AWS Backup: A fully managed backup and restore service by Amazon Web Services
AWS Backup, Amazon Web Services’ latest addition to the long list of services it provides for their customers worldwide. AWS Backup is a fully managed service for backup and restore. It’s one of the biggest announcements Amazon Web Services have made after launching DocumentDB around 10 days ago. Let’s have a look at this new service which will help us to setup backup policies for Amazon EBS volumes, RDS databases, DynamoDB tables, EFS file systems, and AWS Storage Gateway volumes. Support for more services other than the ones mentioned is also planned.
At the time of writing this blog, AWS Backup is only available in US East(N.Virginia), US East(Ohio), US West(Oregon) and EU(Ireland) regions. We hope to see this service being rolled out in other regions soon.
Advantages of AWS Backup :
- Ease of handling backups; mainly because it’s automated with minimal manual intervention required.
- Daily, weekly and even monthly backups can be set up.
- The pricing model is the same as that of snapshots.
- App data in cloud and on-premises can be backed up in a common way (i.e., same backup policy for cloud data and Storage Gateway volumes).
- User-friendly console.
Having mentioned the features of AWS Backup, let’s have a look at other options we had till now for backing up our data :
- For EC2 AMIs, we have this option of ‘create image’ which saves the configured machine as a reusable AMI setup.
- For RDS, we had backup options were we set retention days of up to 35 days, where the backups.
- For EBS volume backups, we create snapshots of the volumes. For EBS volumes, we can also leverage the service Data Lifecycle Manager for setting up automated backing up of snapshots.
Alternatively, we also have an option of automating EC2 backup by using Lambda functions but for that to function, we need to make sure that the snapshots of root volumes are in shutdown state which is an inconvenience.
It’s interesting to note here that the pricing model for AWS Backup is the same as that of snapshots, though the newly supported EFS backups are charged at a per-GB rate. You can read more about the pricing structure for backups here. There will also be a per-GB data fee for data restore from EFS filesystems and DynamoDB filesystems.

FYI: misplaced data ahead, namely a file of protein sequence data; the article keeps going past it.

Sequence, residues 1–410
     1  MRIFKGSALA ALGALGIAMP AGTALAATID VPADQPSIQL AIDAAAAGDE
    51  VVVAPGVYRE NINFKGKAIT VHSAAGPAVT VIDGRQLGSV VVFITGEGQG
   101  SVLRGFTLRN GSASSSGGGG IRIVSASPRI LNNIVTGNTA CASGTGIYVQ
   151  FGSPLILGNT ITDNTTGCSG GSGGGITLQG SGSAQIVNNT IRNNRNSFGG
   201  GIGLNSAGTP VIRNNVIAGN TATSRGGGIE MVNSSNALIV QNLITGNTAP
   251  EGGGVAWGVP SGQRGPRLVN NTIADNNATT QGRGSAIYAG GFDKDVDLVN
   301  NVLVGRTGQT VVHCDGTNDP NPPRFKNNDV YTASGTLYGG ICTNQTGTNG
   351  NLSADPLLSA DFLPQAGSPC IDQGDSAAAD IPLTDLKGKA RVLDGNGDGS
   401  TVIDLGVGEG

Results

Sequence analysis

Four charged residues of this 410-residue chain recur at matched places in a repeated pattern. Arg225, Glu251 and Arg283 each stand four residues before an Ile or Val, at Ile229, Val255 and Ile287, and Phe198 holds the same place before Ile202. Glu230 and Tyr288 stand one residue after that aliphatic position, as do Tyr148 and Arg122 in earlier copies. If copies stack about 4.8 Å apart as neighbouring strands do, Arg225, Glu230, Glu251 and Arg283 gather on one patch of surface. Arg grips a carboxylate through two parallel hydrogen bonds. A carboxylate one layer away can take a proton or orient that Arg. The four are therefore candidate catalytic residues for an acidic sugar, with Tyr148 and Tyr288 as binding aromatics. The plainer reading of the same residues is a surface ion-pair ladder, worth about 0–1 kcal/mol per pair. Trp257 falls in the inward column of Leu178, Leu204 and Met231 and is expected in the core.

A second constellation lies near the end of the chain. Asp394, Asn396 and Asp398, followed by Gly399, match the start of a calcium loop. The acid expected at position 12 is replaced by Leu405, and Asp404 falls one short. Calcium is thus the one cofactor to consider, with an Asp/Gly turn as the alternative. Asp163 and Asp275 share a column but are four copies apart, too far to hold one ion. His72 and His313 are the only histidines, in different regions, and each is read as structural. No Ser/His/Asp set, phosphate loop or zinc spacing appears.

Application data in the cloud and on-premises can now be backed up in a common way. That means we can apply the same backup policy to both AWS cloud resources and our on-premises data stored on Storage Gateway volumes. Backups of AWS Storage Gateway volumes are securely stored in the AWS cloud and are compatible with Amazon EBS, allowing you to restore your volumes to the AWS Cloud or to your on-premises environment.
Currently, cross-region functionality for backup is not available however Amazon says they have plans to launch that later this year. We checked out the AWS Backup console and it’s pretty straightforward. It’s easy to understand and can be configured with ease.
The above image shows the window which you will see when you go to AWS Backup on the AWS management console. You need to click on that orange box which says Create Backup Plan which will lead you to another page as shown below :
Here, you have the option to either build a new plan from scratch which will give you the freedom to configure the backup plan as per your requirement, or you can start from an existing plan with preset configurations. Another option is to create a plan using JSON script. After this step, where you create the backup rules and everything, we get to assign a resource to the backup plan we created, which is essentially the resource from where the backup is taken.
By default, the backup data is stored in S3 buckets. You can check all the details of completed backup/restore jobs and backup vaults from the side panel as shown below:
One of the few limitations of AWS Backup is that cross-region functionality is not available right now.
Please do try this new service and let us know in the comments about your experience with AWS Backup.